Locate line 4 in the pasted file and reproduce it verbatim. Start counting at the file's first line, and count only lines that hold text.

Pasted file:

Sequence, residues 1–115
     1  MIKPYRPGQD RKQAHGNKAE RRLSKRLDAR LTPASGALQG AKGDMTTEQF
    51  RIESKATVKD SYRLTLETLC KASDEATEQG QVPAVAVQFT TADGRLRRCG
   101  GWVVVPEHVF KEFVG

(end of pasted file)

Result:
   101  GWVVVPEHVF KEFVG